When Matt sold the Ferrari
How do you lend depth to a Fast & Furious-type racing flick? With Ford v Ferrari, which is releasing this Friday
Apocryphal as most hop-on-hop-off tourist bus stories are, I was once told about a race that took place in New York City, between automobile giants General Motors (GM) and Chrysler. Both companies fighting over who should have the tallest penis in Manhattan decided to embark on an office construction back in the 1920s. This was during the peak of the American economic boom. Neither knew what the height of the rival's building was going to be.
Eyeing the altitude as it kept piling up, both GM and Chrysler would keep adding a floor, and a few more, looking at the competing structure coming up. Until, at some point, they had to stop because they couldn't possibly carry on forever.
GM eventually won. Theirs was the Empire State Building — the tallest structure (for several years). Chrysler Building lost out, yes, but remains still a stunning piece, talking to the sky. It's only as recently as yesterday that I realised that the story's absolutely untrue!
It sounds believable enough, so I'm not going to knock myself for assuming it to be history all this time. For, at the heart of it is the human ego. As is the case with the biographical sports film Ford v Ferrari, directed by James Mangold, starring Matt Damon and Christian Bale, that opens in theatres this Friday.
The film, set in the 1960s, essentially chronicles a time when Ford, although an auto behemoth, was a fuddy-duddy car that families owned, but nobody cared much for, because it just wasn't cool enough. Think Maruti, in the Indian context. Roughly speaking, what did Ford decide to do to up their street cred? Buy out Ferrari! What did Ferrari do in return? Insult Ford.
And I mean this not in terms of one company staving off a take-over as any other would. But the take-down was quite literal, given that both Ferrari and Ford were real people, owning firms with their family names. So, Enzo Ferrari basically called Henry Ford II, "pig-headed, fat," and a loser next to his illustrious father.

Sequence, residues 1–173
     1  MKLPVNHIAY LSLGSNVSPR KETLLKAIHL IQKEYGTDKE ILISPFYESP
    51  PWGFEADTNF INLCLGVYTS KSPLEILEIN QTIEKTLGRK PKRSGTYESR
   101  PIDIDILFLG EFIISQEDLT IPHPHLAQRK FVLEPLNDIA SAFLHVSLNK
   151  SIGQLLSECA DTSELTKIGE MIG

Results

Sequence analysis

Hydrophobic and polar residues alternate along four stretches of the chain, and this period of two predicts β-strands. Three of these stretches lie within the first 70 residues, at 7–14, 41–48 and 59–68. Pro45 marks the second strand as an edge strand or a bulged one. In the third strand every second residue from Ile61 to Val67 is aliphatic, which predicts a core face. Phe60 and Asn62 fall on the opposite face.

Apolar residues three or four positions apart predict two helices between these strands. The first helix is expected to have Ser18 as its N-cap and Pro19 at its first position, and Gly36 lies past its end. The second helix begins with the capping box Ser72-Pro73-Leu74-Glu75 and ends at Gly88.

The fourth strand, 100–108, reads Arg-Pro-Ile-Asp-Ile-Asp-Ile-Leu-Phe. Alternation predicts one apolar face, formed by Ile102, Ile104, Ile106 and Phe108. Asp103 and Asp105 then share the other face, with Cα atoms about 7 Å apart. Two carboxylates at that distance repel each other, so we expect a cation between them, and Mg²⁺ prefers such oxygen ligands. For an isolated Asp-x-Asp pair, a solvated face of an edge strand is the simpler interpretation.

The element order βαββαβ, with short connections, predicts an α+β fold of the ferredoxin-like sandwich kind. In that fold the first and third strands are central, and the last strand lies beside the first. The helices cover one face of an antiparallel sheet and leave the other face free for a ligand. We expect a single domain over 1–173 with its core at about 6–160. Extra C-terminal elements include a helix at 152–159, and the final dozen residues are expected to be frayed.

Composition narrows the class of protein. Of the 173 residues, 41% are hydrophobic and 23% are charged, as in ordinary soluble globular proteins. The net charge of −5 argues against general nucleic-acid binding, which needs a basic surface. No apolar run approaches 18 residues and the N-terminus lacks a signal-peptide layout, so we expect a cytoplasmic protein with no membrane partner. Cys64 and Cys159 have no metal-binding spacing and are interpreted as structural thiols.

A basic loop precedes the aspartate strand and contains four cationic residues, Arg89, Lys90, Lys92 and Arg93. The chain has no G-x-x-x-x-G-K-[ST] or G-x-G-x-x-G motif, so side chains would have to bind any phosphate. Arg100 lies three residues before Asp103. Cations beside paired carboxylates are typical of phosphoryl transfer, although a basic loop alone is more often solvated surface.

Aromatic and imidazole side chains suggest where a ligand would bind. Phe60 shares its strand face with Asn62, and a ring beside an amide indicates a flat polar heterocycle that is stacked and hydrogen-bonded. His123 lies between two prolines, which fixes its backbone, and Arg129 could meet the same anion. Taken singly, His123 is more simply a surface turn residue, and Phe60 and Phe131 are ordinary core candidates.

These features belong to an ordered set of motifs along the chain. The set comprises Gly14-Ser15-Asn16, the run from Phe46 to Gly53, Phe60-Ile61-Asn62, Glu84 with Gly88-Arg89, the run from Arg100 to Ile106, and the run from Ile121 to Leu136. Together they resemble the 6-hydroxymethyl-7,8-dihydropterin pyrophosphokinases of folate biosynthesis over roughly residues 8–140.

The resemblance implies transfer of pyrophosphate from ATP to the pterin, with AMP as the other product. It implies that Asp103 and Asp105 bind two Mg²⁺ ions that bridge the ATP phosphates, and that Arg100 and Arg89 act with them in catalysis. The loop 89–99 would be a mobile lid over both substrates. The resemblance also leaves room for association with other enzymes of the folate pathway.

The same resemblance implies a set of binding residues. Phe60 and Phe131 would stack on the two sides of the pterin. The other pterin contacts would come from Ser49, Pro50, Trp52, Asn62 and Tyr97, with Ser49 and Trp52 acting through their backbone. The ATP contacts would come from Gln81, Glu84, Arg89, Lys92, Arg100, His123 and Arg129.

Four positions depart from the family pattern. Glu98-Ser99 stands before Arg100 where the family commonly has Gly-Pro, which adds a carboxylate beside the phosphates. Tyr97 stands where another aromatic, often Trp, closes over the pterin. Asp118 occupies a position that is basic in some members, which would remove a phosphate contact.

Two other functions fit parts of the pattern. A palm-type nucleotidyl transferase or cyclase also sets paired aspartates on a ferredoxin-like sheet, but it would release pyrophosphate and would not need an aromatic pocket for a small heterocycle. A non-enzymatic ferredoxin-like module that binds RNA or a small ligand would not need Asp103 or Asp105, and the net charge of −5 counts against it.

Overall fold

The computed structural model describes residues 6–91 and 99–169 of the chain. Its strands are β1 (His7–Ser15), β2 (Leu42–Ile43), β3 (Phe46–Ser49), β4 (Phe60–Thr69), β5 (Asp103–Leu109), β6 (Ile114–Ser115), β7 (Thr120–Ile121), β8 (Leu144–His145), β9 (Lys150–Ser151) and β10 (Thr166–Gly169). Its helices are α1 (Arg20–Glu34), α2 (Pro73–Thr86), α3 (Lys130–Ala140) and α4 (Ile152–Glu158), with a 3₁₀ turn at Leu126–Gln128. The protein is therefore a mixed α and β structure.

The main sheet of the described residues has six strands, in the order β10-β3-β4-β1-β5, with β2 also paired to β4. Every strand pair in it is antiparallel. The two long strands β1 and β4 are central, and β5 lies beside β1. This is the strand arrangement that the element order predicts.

What did that set off? The battle to build the fastest Ford car that could screw Ferrari at Le Mans, a 24-hour endurance race, which the latter had been winning consecutively through the decade. Ford hires a design genius Carrol Shelby (Damon), who in turn brings on board a maverick racing-car driver Ken Miles (Bale).
Together, they set out to test the limits of speed.
I don't know exactly what was the deal struck with the Indian publishing industry in the 1990s. Those of my vintage will distinctly recall how there was a point (much like with Ayn Rand's Fountainhead), every desi uncle, aunty, and their kids had read the autobiography of Lee Iacocca (a Ford, and later, a Chrysler employee), of all people — whether in hardcover, paperback or pirated prints picked off the street.
The book (co-authored by William Novak) was first published in the mid-'80s. From what I can recall, it wasn't quite a self-help-type book either. It had a little bit of drama. Be that as it may, most Indians had become fans of Iacocca (for reasons unknown to me).
There is Iacocca (Jon Bernthal) in Ford v Ferrari. But his role is quite limited to being Ford's minion. And with very little authority over a conniving fellow (Josh Lucas), who has the proprietor's ears. Now, this top Ford employee simply hates the eccentric Miles, for reasons centered on ego alone. He just wants to wallop that racing-car driver, who can bring the company much glory. He probably just doesn't like his face, or the way he talks, I don't know.
Why are all these peripherals essential? Because, they provide a plot to a boys-with-toys genre, which usually neither has one nor needs any. For all that people want to feel is an adrenaline rush over cars manoeuvring at break-neck speed. Consider Fast & Furious — whichever part it's on now.
I do get some of that excitement. But I'm not really a racing-car fan, to a point that it's impossible for me to fathom why crowds show up at Formula One races, where all you can see is a machine whizzing past you in a nanosecond, from wherever you're in the stands.
Is Ford v Ferrari the most cerebral form of a racing-car flick, with all the genre accoutrements — the thumping heart rate, the camera zipping in motion, the blasts, and the mind-bending turns? In a geeky sort of way, yes. At any rate, it seems to be an Oscar season release. Which is already saying a lot.
There's nothing in this period film that both the dad and the kid won't like. Here's what the Central Board of Film Certification (CBFC), perennially scratching depths of stupidity, didn't like about Ford v Ferrari — people getting a drink in the film. I'm not kidding you — they've actually blurred bottles and glasses with booze in it. Cheers to that.
Mayank Shekhar attempts to make sense of mass culture. He tweets @mayankw14
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